Further, when the organization makes a hiring mistake, Rubino said “it’s really obvious, and the person usually doesn’t last very long. When we have a leader that does something that’s against our values, they get asked to leave. So it really is a part of our culture; it’s part of the glue that helps to hold the company together.”
Teamwork is another value woven into the fabric of the company’s culture. Once a year before performance appraisals, top leaders have a talent review session where leaders offer their top talent to other teams that need them — within their department, across departments or even across markets.
“As a team member, you can be vulnerable and say, ‘I’ve got a hole here; I need some talent here,’ and people from other teams will give their talent to you,” Rubino said.
Values are so ingrained in QVC’s culture they’re engraved in the cement of their atrium.
Making a Difference
Rubino said she would like to leave behind a legacy at QVC, one that illustrates how she made a difference in the lives of the team members she collaborated with, in ways that extend beyond the workplace.
“I want to be their trusted partner and adviser; I want them to always know I did what was best for the business and for them; I want them to think of my team as having provided them fair rewards and a phenomenal health care plan that lets them and their families be at their best,” she said.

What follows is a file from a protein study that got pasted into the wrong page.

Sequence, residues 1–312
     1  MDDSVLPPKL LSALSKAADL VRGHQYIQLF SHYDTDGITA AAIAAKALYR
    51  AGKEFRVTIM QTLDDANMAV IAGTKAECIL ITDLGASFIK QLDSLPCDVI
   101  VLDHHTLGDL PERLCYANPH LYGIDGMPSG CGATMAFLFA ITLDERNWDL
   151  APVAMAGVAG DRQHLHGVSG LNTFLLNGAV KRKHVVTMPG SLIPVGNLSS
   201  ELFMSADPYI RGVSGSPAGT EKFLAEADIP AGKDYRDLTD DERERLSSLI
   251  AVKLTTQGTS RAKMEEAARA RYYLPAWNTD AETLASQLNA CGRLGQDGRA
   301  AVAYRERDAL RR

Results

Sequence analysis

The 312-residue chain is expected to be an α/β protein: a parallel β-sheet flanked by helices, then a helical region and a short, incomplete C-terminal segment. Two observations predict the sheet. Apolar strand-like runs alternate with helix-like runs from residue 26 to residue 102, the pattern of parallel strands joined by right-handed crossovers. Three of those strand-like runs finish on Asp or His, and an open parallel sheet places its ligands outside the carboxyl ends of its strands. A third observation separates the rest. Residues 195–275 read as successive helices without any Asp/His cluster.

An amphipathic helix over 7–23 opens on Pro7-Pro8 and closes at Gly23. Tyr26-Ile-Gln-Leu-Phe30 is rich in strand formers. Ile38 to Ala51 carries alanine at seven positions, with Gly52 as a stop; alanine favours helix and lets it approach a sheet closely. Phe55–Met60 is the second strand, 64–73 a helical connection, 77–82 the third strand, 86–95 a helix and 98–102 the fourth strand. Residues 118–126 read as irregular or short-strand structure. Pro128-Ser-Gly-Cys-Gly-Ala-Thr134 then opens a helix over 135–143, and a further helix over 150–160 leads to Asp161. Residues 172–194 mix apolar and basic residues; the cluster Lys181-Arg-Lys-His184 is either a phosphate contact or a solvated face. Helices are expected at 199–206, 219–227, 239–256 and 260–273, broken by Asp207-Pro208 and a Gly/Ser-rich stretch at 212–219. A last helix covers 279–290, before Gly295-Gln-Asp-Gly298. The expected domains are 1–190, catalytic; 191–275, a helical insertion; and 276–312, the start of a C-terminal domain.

Rubino said it’s important that people experience the difference that HR can make — a desire that has personal roots for her. Her father passed away last year, but she has vivid memories of him and her mother sitting at the kitchen table discussing his job as a general manager.
“He used to complain about HR a lot — that HR was always in the way, always saying no, [didn’t help] him to get things done,” she said.
His skepticism of the profession changed after frequent conversations with his daughter during the past decade on how she worked to make employees’ lives better through HR. “If he were here now, he would say that if he knew HR people like that, it maybe would have made a difference for him, too.”
For her part, Rubino said she couldn’t be happier she listened to her father’s advice all those years ago and made her affinity for people into a career.
Deanna Hartley is an associate editor at Talent Management magazine. She can be reached at firstname.lastname@example.org.